In a recent development, Iran has voiced strong criticism against the United States, highlighting the apparent contradiction between its history of nuclear weapon usage and its current stance on nuclear disarmament. The Iranian Foreign Ministry spokesperson, Nasser Kanaani, took to social media to express his sentiments. He pointed out the irony that the US, the only country to have employed nuclear weapons, is now pointing fingers at Iran's peaceful nuclear program.
Kanaani emphasized the US's historical use of nuclear weapons as instruments of mass destruction and its support for a regime possessing the largest nuclear arsenal in the region. He questioned the appropriateness of the US assuming the role of a nuclear weapons ban advocate, considering its past actions, and dismissed the allegations about Iran's nuclear program as a blatant repetition of false claims.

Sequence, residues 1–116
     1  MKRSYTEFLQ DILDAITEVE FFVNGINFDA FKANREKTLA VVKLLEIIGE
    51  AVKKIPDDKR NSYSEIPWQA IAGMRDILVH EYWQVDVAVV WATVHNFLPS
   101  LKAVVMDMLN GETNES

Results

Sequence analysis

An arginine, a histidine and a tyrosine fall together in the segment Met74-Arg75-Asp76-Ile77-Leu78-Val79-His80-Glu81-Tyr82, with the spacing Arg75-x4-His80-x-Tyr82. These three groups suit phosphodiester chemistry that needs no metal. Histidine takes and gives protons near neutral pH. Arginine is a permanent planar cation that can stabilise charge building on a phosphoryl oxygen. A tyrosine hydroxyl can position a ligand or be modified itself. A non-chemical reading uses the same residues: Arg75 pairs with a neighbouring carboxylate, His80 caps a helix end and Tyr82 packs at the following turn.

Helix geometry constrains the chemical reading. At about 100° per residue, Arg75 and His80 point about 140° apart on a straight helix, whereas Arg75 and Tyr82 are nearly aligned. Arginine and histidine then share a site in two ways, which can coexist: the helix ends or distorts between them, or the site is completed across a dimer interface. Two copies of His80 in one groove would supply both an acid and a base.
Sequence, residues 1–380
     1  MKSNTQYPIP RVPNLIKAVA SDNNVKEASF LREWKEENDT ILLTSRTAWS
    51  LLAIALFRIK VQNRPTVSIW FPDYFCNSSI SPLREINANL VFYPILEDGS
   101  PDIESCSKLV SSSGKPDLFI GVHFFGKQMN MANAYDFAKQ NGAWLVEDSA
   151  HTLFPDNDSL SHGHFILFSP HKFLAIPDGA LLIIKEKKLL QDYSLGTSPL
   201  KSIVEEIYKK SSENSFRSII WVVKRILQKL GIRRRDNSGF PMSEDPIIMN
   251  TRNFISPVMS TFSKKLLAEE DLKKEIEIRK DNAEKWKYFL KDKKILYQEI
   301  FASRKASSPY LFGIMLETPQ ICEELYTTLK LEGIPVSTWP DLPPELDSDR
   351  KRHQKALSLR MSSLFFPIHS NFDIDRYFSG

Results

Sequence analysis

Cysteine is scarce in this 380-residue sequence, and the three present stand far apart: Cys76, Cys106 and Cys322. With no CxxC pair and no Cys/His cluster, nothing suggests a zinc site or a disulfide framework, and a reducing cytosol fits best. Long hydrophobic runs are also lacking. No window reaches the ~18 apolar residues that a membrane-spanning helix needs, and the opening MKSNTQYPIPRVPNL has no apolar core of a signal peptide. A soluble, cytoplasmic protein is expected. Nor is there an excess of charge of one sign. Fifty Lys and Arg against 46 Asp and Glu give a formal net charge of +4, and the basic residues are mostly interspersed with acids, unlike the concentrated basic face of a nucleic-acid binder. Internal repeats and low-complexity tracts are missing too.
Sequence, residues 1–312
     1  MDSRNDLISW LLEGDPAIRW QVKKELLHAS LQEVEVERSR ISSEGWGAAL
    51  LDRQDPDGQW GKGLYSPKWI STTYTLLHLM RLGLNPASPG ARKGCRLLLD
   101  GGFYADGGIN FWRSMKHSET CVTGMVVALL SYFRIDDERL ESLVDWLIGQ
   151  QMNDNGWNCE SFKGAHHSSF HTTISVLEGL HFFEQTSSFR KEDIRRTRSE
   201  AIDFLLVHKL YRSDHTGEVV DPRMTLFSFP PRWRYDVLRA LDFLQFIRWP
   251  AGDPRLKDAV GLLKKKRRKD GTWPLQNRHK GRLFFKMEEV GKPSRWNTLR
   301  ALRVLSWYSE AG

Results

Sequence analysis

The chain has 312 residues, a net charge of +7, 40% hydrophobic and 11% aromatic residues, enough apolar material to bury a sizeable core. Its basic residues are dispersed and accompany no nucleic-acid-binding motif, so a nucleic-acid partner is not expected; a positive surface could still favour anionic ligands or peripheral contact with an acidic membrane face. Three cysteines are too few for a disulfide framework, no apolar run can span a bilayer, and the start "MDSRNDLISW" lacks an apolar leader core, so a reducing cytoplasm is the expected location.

The somber anniversary of August 6, 1945, serves as a reminder of the catastrophic consequences of nuclear warfare. On this day, Hiroshima endured the devastating impact of an atomic bomb, resulting in the destruction of the entire city and the loss of 140,000 lives. The US subsequently dropped another bomb on Nagasaki three days later, claiming an additional 70,000 lives.
Despite Washington's continuous concerns about Iran's nuclear program, the International Atomic Energy Agency (IAEA) has consistently affirmed its peaceful nature. This certification stands as evidence of Iran's commitment to the responsible utilization of nuclear technology.
Reflecting on history, it is evident that the language used by administrations to justify nuclear policies has often obscured the devastating consequences. The manipulation of terminology has been an ongoing issue, leading to global catastrophes. Furthermore, modern times have seen a dangerous disregard for true diplomacy in addressing the escalating nuclear threats, as demonstrated by the Bulletin of Atomic Scientists' Doomsday Clock reaching a concerning 90 seconds to midnight.
As of recent data, a number of countries, including Britain, China, France, India, Israel, North Korea, Pakistan, Russia, and the United States, possess a combined total of 12,705 nuclear warheads. These numbers underscore the urgency of responsible and diplomatic actions to prevent further proliferation and ensure global security.